“The …conclusions drawn … do not necessarily fit with the breakdown of the facts. In fact Joffe helps to prove that dogs can deal with salmonella in their system. He states that 80% of the raw food samples tested positive for salmonella. Of those eight dogs two of them showed salmonella in their stool, only one of which was the same serovar that was present in the food. How can he then dismiss the suggestion that dogs fed infected food do not necessarily shed salmonella in their stool? Interestingly none of the dogs were reported to show clinical symptoms of Salmonellosis even though they were fed food that contained the bacterium. This is further supported by Ettinger and Feldman  who state that “isolation from gastrointestinal tract or its secretions does not indicate that the organisms are causing clinical disease.” (New, L (n.d.)).
Schlesinger and Joffe 2011, “Raw food diets in companion animals: A critical review.”
In the discussion for evidence of infectious disease risk to pets or humans sharing the same environment (in animals being fed raw food), the authors found no “Level 1” evidence. (“Level 1 studies include systematic reviews of multiple studies which have limited variation in their results, randomized controlled clinical trials (multiple), or an individual randomized trial with narrow confidence interval (very little if any overlap between groups). Also included in this group would be an “all or none” study where all patients died before treatment was available, but some now survive or some died before and now all survive with the treatment. Level 2 studies are systematic reviews of cohort studies with consistent results or individual cohort studies, including lower quality randomized clinical trials (< 80% follow-up). Level 3 studies include systematic reviews of case control studies with consistent results or individual case-control studies. Level 4 studies are a case series or poor-quality cohort and case-control studies. Level 5 studies include expert opinion without explicit critical appraisal; or the conclusions are based on physiological research or principles.”)
The bulk of the infectious disease risk-related studies are based on pet food/raw meat sampling. We know that proper handling of raw meat mitigates the risk in human transmission of bacteria.
Stiver et al. 2003 (Identified as a “Level 5” study in Schlesinger and Joffe 2011.)
- 1) Proper handling and storage of raw meat products should minimize Public Health risk of pathogens;
2) As outlined above, pets exposed to the pathogens infrequently develop illness associated with the pathogens;
3) As outlined above, despite being exposed to the bacteria via food, our pets do not necessarily shed the bacteria in their feces (for instance, Joffe 2002, where 80% of raw chicken diets were culture positive for Salmonella serovars, yet just 25% of the stool samples of the raw chicken eaters were also positive);
4) Dry pet food already is a proven source of pet-human transmission of pathogens, yet the AVMA addresses the problem with safe handling suggestions;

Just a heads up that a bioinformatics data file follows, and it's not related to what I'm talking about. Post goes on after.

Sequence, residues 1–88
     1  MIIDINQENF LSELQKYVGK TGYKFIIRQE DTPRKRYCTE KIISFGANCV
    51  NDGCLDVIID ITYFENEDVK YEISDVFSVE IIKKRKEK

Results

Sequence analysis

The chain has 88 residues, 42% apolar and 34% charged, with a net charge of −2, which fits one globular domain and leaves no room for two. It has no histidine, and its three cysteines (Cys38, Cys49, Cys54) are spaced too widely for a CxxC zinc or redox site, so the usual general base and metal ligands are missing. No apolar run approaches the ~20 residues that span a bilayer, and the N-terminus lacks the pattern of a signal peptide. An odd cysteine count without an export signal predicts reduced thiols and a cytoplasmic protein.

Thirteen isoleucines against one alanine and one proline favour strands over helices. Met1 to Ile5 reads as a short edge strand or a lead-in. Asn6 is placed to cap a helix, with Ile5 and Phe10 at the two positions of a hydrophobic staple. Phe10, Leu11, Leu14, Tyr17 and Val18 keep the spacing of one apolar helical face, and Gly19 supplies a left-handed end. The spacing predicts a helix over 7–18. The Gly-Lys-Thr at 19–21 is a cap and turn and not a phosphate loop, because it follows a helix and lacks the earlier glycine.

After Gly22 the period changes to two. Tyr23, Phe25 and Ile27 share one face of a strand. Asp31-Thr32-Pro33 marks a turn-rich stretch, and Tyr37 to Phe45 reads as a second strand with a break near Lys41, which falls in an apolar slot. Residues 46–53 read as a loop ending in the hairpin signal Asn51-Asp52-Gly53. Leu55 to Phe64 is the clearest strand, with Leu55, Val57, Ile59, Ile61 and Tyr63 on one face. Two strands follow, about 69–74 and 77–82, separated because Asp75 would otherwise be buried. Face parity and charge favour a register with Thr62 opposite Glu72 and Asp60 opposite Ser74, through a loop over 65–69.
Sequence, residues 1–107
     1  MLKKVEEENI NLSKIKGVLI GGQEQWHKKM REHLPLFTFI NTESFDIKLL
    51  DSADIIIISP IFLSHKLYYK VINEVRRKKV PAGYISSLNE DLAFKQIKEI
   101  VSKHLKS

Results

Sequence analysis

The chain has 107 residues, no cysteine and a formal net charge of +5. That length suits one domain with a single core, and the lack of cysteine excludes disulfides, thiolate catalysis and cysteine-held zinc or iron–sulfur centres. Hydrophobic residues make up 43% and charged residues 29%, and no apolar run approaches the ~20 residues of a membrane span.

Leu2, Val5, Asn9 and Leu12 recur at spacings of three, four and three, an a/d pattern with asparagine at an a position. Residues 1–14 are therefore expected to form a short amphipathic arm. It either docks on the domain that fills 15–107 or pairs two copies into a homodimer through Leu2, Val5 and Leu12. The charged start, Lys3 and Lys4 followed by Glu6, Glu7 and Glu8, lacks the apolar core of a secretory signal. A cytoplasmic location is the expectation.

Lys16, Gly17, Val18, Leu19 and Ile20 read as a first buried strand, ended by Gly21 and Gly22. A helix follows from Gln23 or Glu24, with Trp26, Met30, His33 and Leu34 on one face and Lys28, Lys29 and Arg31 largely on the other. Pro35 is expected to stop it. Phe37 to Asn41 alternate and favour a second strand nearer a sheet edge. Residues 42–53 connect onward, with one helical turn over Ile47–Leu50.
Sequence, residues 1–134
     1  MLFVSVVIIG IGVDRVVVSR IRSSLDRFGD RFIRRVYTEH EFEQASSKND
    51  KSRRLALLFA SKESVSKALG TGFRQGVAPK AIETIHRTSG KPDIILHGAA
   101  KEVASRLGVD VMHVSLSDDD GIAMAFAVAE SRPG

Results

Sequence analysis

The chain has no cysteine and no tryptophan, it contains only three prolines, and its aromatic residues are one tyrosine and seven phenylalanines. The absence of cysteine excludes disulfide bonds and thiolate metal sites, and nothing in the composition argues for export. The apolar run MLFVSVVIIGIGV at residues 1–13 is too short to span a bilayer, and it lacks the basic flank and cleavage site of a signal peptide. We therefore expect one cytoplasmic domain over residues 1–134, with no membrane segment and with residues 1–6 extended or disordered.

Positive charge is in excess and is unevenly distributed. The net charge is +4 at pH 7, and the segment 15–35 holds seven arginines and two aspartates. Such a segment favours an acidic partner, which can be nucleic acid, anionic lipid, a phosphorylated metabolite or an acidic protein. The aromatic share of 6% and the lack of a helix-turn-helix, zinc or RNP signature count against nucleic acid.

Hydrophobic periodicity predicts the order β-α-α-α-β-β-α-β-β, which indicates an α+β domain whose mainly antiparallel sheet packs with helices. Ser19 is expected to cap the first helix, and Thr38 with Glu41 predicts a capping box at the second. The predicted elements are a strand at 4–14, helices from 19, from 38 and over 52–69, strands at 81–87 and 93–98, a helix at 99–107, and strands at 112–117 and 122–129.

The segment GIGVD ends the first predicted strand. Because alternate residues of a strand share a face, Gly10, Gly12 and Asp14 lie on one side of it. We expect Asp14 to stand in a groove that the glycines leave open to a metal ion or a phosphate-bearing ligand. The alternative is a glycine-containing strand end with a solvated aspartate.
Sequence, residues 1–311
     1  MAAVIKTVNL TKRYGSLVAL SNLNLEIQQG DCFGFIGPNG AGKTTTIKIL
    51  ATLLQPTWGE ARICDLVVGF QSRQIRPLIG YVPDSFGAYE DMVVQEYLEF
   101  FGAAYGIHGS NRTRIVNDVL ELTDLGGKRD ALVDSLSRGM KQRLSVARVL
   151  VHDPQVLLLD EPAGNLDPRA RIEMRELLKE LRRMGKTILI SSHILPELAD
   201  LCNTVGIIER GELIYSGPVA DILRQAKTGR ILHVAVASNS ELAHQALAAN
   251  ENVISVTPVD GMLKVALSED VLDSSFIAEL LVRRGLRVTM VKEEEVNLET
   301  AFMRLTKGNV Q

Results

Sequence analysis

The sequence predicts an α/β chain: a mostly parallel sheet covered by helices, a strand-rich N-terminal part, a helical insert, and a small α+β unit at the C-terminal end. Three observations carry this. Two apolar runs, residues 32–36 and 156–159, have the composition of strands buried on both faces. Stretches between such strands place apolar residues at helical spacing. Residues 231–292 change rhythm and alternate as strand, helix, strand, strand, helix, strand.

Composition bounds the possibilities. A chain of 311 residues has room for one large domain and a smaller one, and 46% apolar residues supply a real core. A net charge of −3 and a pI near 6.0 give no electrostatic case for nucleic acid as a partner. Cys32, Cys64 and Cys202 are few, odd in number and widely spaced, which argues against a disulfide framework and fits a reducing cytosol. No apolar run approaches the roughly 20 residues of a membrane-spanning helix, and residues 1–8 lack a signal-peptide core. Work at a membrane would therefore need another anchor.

5) Our pets are already carriers of numerous pathogens;
6) The source of the pathogens in animal-human transmission is generally proved to be feces (Morse 1975, Pelzer 1989, Sanchez 2002)
It would seem that as regards raw feeding of pets, the primary concern is one of hygiene management, not pathogen avoidance.
Thank you for your consideration of public input.
Laurie D. Goldstein, C.F.A.
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AVMA 2010. Public Health: “Frequently Asked Questions about Dry Pet Foods and Salmonella.”, Aug 9, 2010 (accessed July 21, 2012).
Baxter DN and Leck I (1984). “The Deleterious Effects of Dogs on Human Health: 2. Canine Zoonoses.” Community Medicine 6:185-197.
Beutin L, Geier D, Steinruck H, Zimmermann S, Scheutz F. (1993). “Prevalence and some properties of verotoxin (Shiga-like toxin)-producing Escherichia coli in seven different species of healthy domestic animals,” Jour Clin Microbiology, 31(9):2483-8.
CDC 2012. “Multistate Outbreak of Human Salmonella Infantis Infections Linked to Dry Dog Food (Final Update)” (accessed July 21, 2012).
Chan ES, Aramini J, Ciebin B, et al. (2002). “Natural or raw almonds and an outbreak of a rare phage type of Salmonella enteritidis infection,” Canadian Communicable Diseases Report 28(12):97-99.
Dahlinger J, Marks SL and Hirsch DC (1997). “Prevalence and identity of translocating bacteria in healthy dogs,” J Vet Int Med 11(6):319-322.
Ettinger SJ and Feldman EC (1995). “Textbook of Veterinary Internal Medicine 4th Edition.” Harcourt Brace. Pp 336-368.
Finley R, Reid-Smith R, Weese JS, et al. “Human health implications of Salmonella-contaminated natural pet treats and raw pet food,” Clin Infect Dis 42:686-691.
Galton MM, Scatterday JE and Hardy AV (1952). “Salmonellosis in Dogs I: Bacteriological, Epdiemiological and Clinical Considerations. J Infect Dis 1952; 91:1-5.
Health Canada (2002). “Risks associated with sprouts.”
Joffe DJ and Schlesinger DP (2002). “Preliminary Assessment of the Risk of Salmonella Infection in Dogs Fed Raw Chicken Diets,” Can Vet J 43:441-442.
Mackel DC, Galton MM, Gray H and Hardy AV. (1952). “Salmonellosis in Dogs IV: Prevalence in Normal Dogs and Their Contacts,” J Infect Dis 91:15-18.
New, L. (n.d.). “Salmonella and the raw diet,” Mountain Dog Food website (accessed July 21, 2012).
Pelzer KD. (1989). “Salmonellosis.” JAVMA 195:456-463.
Sanchez S, Hofacre CL, Lee MD, Jaurer JJ and Doyle MP. (2002). “Animal Sources of Salmonellosis in Humans,” JAVMA 221:492-497.
Stiver SL, Frazier KS, Mauel MJ et al. “Septicemic salmonellosis in two cats fed a raw-meat diet,” J Am Anim Hosp Assoc 39:538-542.
USDA (1995). “An outbreak of E. coli O157:H7 How could it happen?” Food Safety and Inspection Service Flyer, July 1995
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Created 09/13/12; Updated 08/11/14